The three-judge panel of the 9th Circuit Court of Appeals in San Francisco could take months to rule on whether Napster will have to shut down. In July, Judge Marilyn Hall Patel issued the injunction, ordering that the Napster Web site remove copyrighted material from music labels represented by the Recording Industry Association of America (RIAA), the plaintiffs in the lawsuit.
Napster quickly appealed Patel's ruling and wound up before the appellate court on Monday for another review of the merits regarding the injunction. A trial date in the case has not yet been set.
The RIAA and record labels it represents contend in the copyright infringement lawsuit that Napster is violating copyrights and engaging in piracy.
"We don't think it's piracy because we think it is lawful [use of material]," Napster attorney David Boies argued before the appellate court on Monday.
Boies repeatedly underscored that Napster simply provides users with a means to trade songs and does not, as a company, directly violate copyright. He also urged the court to carefully consider rulings that could drastically affect the growing use of peer-to-peer technology.
"They supply the technology, they supply the software, and they supply the index," Boies said of Napster's service. "That is the extent of their relationship with the user."
While he contends that Napster users are the ones who actually infringe on copyrights, Boies said that non-infringing copyright use remains on the rise. Many titles on the site do not have copyright restrictions, he said.
"The number of non-infringing users is multiplying as we speak," Boies said.
Napster lawyers contend that at least 10 per cent of the songs on Napster are not copyrighted, and 20,000 artists have given the Web site permission to use their music. The peer-to-peer technology offered by Napster is important, and it should be the business of the US Congress to provide legislation regarding its use, not the job of the courts, attorneys argued.
But the issue isn't about technology, said Russell Frackman, an attorney for plaintiff A&M Records. "We're talking about a business and a business plan," he said, adding that Napster was created with the intent of sharing copyrighted material.
When Frackman addressed the court, the appellate panel pushed the attorney to answer questions regarding what effect the injunction against Napster might have on the site's future. The judges pointed out that many contracts between the labels and artists forbid single song titles to be unbundled from an album. As Napster delivers songs one at a time, the court questioned why the RIAA might object to a practice that music companies do not currently employ.
"If I left my car keys in my car, stealing my car would still be a crime," Frackman said, suggesting no matter what form the piracy takes, music labels still are hurt.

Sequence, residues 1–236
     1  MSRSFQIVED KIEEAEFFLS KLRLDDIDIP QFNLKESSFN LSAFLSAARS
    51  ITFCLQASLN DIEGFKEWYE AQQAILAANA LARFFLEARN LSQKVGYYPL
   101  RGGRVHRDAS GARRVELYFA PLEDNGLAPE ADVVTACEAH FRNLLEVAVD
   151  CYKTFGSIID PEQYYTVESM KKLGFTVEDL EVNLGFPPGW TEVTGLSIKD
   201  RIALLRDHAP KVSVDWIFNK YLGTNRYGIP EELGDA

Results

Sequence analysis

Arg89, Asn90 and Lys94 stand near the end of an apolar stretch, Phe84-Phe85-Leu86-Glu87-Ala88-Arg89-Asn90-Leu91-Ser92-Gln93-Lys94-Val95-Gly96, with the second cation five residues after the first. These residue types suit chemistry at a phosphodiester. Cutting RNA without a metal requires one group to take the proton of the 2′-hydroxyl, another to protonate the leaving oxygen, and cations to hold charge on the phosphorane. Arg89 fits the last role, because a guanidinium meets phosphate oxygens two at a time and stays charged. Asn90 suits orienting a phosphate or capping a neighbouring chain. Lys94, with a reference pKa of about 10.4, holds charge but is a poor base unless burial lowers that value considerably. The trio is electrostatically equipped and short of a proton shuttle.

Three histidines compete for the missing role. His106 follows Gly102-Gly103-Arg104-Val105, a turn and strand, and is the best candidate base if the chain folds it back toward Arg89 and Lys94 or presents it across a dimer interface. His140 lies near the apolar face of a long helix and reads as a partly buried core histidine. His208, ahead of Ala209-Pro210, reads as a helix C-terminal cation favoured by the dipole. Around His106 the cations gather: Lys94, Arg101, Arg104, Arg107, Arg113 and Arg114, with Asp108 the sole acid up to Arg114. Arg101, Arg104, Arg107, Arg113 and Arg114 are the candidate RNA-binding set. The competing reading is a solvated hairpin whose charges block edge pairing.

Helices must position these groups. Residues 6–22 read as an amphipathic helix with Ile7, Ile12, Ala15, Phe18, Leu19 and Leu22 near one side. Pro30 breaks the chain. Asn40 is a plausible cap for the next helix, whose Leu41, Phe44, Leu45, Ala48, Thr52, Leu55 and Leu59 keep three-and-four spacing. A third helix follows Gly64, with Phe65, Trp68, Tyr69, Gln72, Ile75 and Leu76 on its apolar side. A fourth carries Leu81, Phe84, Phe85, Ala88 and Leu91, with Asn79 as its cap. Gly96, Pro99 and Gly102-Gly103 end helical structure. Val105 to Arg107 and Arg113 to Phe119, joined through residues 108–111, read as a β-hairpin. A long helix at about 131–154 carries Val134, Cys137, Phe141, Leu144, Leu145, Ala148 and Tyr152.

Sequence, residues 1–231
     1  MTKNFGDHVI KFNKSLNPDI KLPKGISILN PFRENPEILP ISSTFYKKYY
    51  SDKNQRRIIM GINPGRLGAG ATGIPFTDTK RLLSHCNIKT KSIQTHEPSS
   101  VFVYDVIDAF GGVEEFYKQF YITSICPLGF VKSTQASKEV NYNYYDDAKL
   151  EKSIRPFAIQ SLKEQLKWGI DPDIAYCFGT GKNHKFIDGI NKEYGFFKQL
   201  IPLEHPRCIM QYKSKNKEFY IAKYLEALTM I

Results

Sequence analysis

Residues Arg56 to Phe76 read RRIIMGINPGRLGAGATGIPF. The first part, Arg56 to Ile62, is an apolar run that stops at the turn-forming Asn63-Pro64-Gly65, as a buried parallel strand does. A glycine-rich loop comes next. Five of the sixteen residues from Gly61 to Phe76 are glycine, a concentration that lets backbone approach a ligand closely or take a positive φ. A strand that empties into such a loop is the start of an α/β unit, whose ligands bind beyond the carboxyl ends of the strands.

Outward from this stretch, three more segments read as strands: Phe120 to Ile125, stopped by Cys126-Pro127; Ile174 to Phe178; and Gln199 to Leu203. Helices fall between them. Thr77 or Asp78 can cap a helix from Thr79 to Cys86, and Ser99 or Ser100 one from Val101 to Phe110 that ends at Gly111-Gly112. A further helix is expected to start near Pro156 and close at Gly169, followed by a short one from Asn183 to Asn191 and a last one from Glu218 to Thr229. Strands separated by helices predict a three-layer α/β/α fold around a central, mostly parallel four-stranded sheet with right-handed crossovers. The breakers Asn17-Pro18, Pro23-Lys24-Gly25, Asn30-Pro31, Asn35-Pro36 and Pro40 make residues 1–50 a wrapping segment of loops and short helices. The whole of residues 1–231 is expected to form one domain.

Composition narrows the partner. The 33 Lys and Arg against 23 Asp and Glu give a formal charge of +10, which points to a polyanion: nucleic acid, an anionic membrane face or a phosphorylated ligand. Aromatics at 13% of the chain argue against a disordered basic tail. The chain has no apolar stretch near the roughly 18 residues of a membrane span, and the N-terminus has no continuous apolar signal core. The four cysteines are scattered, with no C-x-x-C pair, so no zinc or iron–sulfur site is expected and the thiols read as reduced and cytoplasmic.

Leonard Rubin, head of intellectual property at law firm Gordon and Glickson said that Monday's appellate panel appeared more sympathetic to Napster's side of the case than some judges in previous hearings.
"It seems as though the judges were a lot friendlier to Napster than one might have expected them to be," Rubin said.
He added that at least two of the judges will need to agree on what action to take next. No set timetable exists for when the judges will issue their ruling on the injunction.
Rubin said he ultimately looks for the court to let the injunction go. "I imagine, they will not likely reinstate the injunction," he said.
At a press conference following the hearing, Hilary Rosen, president and chief executive officer of the RIAA, deflected claims that Napster actually managed to increase CD sales for the labels.
"CD sales have been increasing modestly for years," she said. "That is not what this is about."
She did, however, say that emerging artists should weigh their options about entering the music industry. As technology changes, a variety of opportunities may exist for success in the years to come.
"A new artist today has a lot of choices to make," Rosen said.
Hank Barry, interim chief executive officer at Napster, also spoke at the press conference and said that his company made repeated attempts to deal with the RIAA out of court to no avail. He urged the parties involved to work out a deal.
"It's time for some good faith negotiating," Barry said.
"Over a period of many months, Napster has made serious proposals to each of the major record companies and their publishing affiliates that involve payments of substantial percentages of expected company revenues to compensate artists and rights holders -- proposals whose most conservative estimates would result in payments of over $US500 million to the industry in just the first year alone," Barry said in a release issued after the hearing.
"Every one of these proposals has been rejected, and the record companies have made no counterproposals," he said in the statement.